Alan Wojcik: On your Myspace page you declare you’re “A nerd with boobs.” Explain any double meaning to the fans who might be wondering about it.
April Hunter: No double meaning. It’s just that most days I’d rather pick up a book than go out drinking!
Alan Wojcik: During your RF shoot interview with Talia Madison (featured on Glamour, Glitz & Divas DVD) you mentioned you’ve been doing gymnastics your whole life. Were you in AAU competitions/school stuff and how did it lead to fitness modeling?
April Hunter: I competed in gymnastics at a basic level and martial arts at an advanced level. I also competed in swimming and volleyball. I just have always had an interest in athletics and fitness. I got a big lead into fitness from Devon Michaels. We were both doing centerfold work and the biz had just decided that ‘glamazon’ was out, ‘barely legal softbodies with real breasts ‘ were in. Neither of us fit that look but we wanted to work. Fitness modeling welcomed our look.
Alan Wojcik: In addition to the fitness modeling you also had a layout in Playboy Magazine. Which is harder taking your clothes off knowing millions of people will see it or wrestling in front of thousands of people and why?
April Hunter: In the short term, wrestling is harder. It involves more skill and the fans can be tougher on you. Plus, it’s harder on your body. But in the long term, modeling will come back at some point to haunt you. Whether your family has seen it (Mine has and thankfully, Mom was a model, too. The others aren’t so cool about it) or your boyfriends friends (one thought I was actually a porn star), you’ll pay for it in some way. But either way, they both beat the pants off a 9 to 5.
Alan Wojcik: You got your start in wrestling working for WCW in 1999 as a valet for the NwO (along with Tylene Buck, Midajah & Kim Kanner) before you trained for wrestling. Looking back do you wish you had done it on reverse, trained for wrestling before going into the business?
April Hunter: I’ve asked myself that before and I think the way it happened worked out well for me. The only thing I wish I’d known more about was to hang in there longer and realize the wrestling biz isn’t the modeling biz. Meaning, the mentality for modeling is that you’re only as good as your last published layout. You must keep going, keep getting published. In wrestling, hanging back, being patient and waiting for/creating an opportunity is more normal. But if you’re not trained, you don’t know this.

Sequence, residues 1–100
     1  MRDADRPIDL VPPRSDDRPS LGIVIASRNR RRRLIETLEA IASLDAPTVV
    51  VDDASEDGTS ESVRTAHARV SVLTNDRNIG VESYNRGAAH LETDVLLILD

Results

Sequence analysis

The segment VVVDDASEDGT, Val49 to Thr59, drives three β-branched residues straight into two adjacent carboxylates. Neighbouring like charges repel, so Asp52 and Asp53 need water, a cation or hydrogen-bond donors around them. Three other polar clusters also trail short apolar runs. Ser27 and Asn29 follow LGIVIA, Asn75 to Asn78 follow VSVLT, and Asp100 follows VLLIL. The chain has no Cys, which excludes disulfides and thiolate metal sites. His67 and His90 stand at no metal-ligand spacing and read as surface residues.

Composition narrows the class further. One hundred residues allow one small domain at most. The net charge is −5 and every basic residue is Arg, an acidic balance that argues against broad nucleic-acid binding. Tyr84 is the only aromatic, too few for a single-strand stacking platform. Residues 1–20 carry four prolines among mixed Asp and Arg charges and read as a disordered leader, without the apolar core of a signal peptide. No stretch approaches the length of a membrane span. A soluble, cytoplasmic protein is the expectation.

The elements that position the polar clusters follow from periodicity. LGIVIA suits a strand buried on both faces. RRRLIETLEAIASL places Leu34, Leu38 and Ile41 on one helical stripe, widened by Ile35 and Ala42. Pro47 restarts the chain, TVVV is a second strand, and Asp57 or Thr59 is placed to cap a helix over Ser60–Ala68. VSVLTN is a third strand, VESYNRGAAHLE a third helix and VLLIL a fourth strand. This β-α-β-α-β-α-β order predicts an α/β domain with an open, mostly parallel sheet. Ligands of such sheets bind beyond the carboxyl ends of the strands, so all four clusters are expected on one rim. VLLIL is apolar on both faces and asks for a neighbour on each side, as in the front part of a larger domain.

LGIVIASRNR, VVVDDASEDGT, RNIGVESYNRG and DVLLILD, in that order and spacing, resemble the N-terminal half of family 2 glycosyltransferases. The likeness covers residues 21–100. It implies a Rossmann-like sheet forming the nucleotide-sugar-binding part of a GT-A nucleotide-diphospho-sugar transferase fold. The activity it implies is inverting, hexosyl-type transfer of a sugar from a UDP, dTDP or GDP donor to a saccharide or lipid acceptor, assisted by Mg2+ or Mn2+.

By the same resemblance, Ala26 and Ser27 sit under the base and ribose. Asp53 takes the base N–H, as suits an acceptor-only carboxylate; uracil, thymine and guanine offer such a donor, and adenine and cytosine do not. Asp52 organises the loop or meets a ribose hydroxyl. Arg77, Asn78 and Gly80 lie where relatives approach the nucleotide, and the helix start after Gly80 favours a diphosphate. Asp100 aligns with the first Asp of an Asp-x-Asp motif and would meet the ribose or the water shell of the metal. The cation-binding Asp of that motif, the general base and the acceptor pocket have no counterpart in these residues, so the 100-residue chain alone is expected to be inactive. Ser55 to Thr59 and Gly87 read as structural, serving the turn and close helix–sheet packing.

Alan Wojcik: After you left WCW you trained under WWE Hall of Famer Walter “Killer” Kowalski. How did you come to choose his school and describe a typical day of training; were the conditions as bad as one would think?
April Hunter: Terry Taylor set up a meeting for me with Jim Ross. I flew out to LA and met with WWE, who set up Killer Kowalski’s for me. After getting on the indy circuit, I realized how great my trainer and training really was. The conditions were ‘normal’ for old school wrestling…an old boxing ring that was stiff as fuck, ripped up mat, no air conditioning, no showers. We bumped, we learned, we bumped some more. You paid up front…if you sucked or were a problem, they ran you out. No refunds, no “never been anywhere or done anything” trainers, no stringing losers along that have no right to be in this business just to keep them paying for another week of school. This seems to be what happens nowadays. It’s a shame, because you can’t always find the diamonds amongst the clutter of coal on the indies –and it seems that WWE has given up bothering to try. They rely on the lucky sperm club donations instead. Safer bet. But still sad, nonetheless. I see some on this level that simply shouldn’t be here anymore. They should be making someone lots and lots of money.
Alan Wojcik: Before this interview you mentioned getting additional training overseas. How do the methods in Japan and Europe differ from training in American camps?
April Hunter: Vastly. They’re more like Kowalski’s. Europe and especially England have more opportunities to work more often, which is great. Here, you can only wrestle on weekends. But it’s not uncommon to wrestle 3-7 times a week overseas, which is why I chose to travel and work outside of the US more often than in it. Japan is even more stringent with their standards. They will hold a mass tryout…2000 teens will show up. They narrow it down to half. Then run drills and narrow it to half. Then halve it again. In the end, they might ask you to do 500 squats and 100 pushups. You can’t. No one can. But they’ll chose the ones who TRY and don’t give up. They look for heart. At the end, they have ten kids. They pick two. If you are chosen, you are pulled out of school and moved into the dojo to train full time. That’s your career now. You can’t just walk in off the street and sign up for wrestling school over there like you can here.